The evolution of supernova remnants (SNRs) has not been well understood for many years， and only magneto-hydrodynamics (MHD) simulations can tell us their history. Recently, by applying MHD simulation, the researchers from National Astronomical Observatories of CAS (NAOC) successfully explain the radio emission evolution of a SNR. In addition, such a simulation predicts there should be a new shell of the SNR, which is proved by the analysis of polarization observation.
A SNR is the result of the interaction between a supernova and the surrounding interstellar medium. The evolution is not only dependent on the parameters of the progenitor, but also related to the distribution of the surrounding gas and magnetic field. However, the progenitor is various and the distribution of the surrounding gas and magnetic field is also mysterious. Thus, it is very difficult to set the reasonable initial conditions. This study focuses on the SNR W51C which has been observed by various telescopes. Based on the previous work, it becomes easier to obtain appropriate conditions then realize more accurate simulation.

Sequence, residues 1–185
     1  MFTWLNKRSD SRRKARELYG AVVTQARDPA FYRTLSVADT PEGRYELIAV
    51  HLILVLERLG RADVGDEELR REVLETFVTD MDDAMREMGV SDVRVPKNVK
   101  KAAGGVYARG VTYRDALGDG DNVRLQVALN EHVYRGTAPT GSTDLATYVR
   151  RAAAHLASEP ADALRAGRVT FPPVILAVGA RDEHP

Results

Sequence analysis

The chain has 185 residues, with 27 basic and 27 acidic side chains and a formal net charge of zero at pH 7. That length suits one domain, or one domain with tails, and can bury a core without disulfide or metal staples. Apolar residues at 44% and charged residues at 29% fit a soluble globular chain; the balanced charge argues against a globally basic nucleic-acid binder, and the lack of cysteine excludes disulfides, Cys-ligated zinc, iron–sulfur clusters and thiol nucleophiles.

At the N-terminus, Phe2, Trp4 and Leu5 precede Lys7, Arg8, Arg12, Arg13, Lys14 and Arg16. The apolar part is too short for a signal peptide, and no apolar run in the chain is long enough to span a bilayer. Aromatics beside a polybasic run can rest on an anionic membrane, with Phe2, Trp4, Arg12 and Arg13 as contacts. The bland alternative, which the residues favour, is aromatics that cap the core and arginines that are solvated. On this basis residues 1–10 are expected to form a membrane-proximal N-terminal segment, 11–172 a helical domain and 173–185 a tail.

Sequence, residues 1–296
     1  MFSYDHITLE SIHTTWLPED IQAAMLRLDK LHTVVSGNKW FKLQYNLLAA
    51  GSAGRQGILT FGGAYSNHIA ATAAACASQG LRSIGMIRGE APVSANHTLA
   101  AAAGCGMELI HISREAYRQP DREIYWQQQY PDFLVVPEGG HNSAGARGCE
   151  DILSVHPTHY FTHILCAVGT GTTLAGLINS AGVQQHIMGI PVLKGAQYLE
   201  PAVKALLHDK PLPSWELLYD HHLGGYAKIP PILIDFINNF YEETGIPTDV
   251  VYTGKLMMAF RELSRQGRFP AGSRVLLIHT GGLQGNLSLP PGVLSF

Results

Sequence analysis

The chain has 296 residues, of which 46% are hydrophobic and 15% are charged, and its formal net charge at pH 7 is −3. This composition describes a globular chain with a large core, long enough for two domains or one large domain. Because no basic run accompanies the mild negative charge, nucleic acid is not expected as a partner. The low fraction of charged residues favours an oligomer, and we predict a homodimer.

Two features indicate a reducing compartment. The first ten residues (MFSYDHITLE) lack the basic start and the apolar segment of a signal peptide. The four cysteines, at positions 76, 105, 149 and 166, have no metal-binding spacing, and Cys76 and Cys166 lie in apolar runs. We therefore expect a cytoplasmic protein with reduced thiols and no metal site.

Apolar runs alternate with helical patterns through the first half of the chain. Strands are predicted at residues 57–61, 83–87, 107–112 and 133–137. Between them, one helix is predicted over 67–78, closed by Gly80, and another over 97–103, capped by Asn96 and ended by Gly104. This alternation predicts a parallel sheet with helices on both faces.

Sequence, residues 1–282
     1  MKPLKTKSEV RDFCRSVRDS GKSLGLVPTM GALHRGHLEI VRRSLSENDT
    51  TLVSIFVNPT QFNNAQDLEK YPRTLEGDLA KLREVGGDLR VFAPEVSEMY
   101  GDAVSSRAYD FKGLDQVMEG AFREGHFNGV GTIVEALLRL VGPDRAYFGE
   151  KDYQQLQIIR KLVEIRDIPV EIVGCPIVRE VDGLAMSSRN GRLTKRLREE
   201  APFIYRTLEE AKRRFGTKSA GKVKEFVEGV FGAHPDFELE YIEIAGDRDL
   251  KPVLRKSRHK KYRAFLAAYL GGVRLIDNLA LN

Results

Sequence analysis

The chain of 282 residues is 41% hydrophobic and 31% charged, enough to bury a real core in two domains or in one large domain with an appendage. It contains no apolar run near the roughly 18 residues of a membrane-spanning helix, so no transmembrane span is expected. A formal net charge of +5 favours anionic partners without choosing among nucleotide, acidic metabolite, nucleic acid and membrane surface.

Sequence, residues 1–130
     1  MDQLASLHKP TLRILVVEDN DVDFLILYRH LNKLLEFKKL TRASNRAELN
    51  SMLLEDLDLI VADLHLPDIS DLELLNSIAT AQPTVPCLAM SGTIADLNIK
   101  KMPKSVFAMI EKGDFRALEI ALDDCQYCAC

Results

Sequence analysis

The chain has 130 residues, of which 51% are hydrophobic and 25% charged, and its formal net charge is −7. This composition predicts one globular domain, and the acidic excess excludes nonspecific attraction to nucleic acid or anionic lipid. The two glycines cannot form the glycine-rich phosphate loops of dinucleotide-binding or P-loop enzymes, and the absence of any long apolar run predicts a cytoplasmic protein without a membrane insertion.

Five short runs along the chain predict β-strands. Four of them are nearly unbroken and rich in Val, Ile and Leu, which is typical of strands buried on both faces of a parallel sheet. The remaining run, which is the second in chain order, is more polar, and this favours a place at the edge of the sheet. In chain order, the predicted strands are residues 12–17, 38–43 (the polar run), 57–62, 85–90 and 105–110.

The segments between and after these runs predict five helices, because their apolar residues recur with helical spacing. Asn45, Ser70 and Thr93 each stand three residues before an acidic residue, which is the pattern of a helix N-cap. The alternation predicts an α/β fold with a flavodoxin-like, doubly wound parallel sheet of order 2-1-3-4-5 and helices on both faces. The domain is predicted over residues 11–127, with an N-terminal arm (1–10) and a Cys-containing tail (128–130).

SNR W51C is taken as a one-edge SNR next to two HII regions, W51A and W51B. However, the simulation shows that there should be another new edge overlapping with W51A (See Fig. 1). W51A is so luminous that the new edge cannot be detected directly. In fact, many years ago, some researchers found there is non-thermal emission toward W51A which should not generate non-thermal as a HII region. This problem lasts for many years. This MHD simulation brings the first light of solving the problem. The further analysis for the polarization data of Effelsberg 100 m radio telescope in Germany shows obvious polarization emission toward W51A, which is impossible for an HII region. However, a SNR can generate both of non-thermal emission and polarization emission. This result proves the prediction of MHD simulation and solves the difficult problem.
This work also simulates the interaction between SNR W51C and a surrounding molecular cloud, explains the origin of the non-thermal emission toward a compact HII regionG49.2-0.35 in W51B, and further studies the OH maser distribution around G49.2-0.35. These results help us better understand this SNR and enrich the researches on the evolution of SNRs.
This study has been published on The Astrophysics Journal. The e-print can be accessed on arXiv :https://arxiv.org/abs/1710.04770
Fig. 1. The images of W51C. The left panel is the observed radio image, and the right panel is the image generated from the simulation. In the left panel, only the dispersive emission on the lower right was taken as SNR W51C before. The two bright regions on the upper are HII regions W51A and W51B, respectively.
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